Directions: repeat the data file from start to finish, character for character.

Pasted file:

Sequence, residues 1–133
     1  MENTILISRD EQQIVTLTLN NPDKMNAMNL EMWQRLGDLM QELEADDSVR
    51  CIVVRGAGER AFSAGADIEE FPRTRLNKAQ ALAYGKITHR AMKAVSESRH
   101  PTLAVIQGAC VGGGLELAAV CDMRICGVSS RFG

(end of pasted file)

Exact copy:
Sequence, residues 1–133
     1  MENTILISRD EQQIVTLTLN NPDKMNAMNL EMWQRLGDLM QELEADDSVR
    51  CIVVRGAGER AFSAGADIEE FPRTRLNKAQ ALAYGKITHR AMKAVSESRH
   101  PTLAVIQGAC VGGGLELAAV CDMRICGVSS RFG